“The lush black and tonal range of this publication are an example of how beautiful basic offset printing can be. The same is true of the craftsmanship exhibited in the book’s layout and edit. In its simplicity, it shines.”
Takashi Homma, M2 (Gallery 360)
“M is an ongoing series of about fast food restaurants around the world. M refers to the identifying logo mark of the McDonald’s chain of restaurants. Such establishments have been a continual object in Homma Takashi’s photography since his Tokyo Suburbia series, which addressed the Americanization of Japanese culture. The screen printing of the photobook’s cover has a plain visual kinship with the discernible dot pattern on the cups and packaging produced by the fast-food chain. Does eating too much fast food also effect vision? Among the 500 copies of the edition, there are multiple cover variations.”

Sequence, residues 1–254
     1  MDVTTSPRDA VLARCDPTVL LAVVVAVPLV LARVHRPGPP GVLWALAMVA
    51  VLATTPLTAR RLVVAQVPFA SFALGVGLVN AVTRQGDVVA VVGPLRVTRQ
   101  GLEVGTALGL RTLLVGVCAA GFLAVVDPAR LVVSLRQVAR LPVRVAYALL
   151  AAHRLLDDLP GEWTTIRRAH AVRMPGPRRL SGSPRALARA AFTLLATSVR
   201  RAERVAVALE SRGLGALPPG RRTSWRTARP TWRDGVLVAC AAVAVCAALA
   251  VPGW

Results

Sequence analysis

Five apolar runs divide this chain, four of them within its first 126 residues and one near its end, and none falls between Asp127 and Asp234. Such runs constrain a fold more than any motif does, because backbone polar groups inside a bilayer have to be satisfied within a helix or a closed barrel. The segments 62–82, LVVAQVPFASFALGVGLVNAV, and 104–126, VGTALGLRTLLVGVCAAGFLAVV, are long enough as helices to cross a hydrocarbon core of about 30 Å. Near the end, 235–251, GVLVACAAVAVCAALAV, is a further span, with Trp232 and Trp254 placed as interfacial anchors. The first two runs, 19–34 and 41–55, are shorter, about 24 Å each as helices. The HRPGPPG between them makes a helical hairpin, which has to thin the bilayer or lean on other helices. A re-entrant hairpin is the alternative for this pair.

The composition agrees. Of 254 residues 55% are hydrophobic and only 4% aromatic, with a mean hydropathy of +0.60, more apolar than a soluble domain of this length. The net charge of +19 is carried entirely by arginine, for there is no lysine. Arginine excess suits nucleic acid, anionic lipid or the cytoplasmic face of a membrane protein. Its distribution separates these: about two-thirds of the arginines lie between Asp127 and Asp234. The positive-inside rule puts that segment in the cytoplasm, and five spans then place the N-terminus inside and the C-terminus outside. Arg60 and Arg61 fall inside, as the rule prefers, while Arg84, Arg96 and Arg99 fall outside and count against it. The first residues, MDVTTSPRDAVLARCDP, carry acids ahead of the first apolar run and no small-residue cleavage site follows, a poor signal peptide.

Koji Onaka, “Long Time No See“ (Média Immédiat [France])
“This is a bit of a cheat. This book was not published by a Japanese publisher but, as a body of work, it may be one of Onaka’s best photobooks so far, especially when considered relative to his previous publications. This is an example of the photographer stepping outside of his familiar territory and producing a body of work that is free of his usual rigor. The full weight of his previous work still lingers in the air of this tiny book. It is a treat to see the cone-shaped birthday hat worn by his otherwise hapless mother, dutifully giving her son (Koji) a birthday party. The photographer scanned monochromatic photographs from his family albums and added color to each image in Photoshop. Onaka’s father was a photographer so there was a wealth of snapshots to choose from.”
There’s going to be a shocking amount of 2011-related Japan photography content showing up here this week. Before that, though, I would like to say that Naoya Hatakeyama’s show “Natural Stories” was the “best” show of the year. I wrote a little bit about it for Tokyo Art Beat’s end of year piece. Marc Feustel wrote about it too.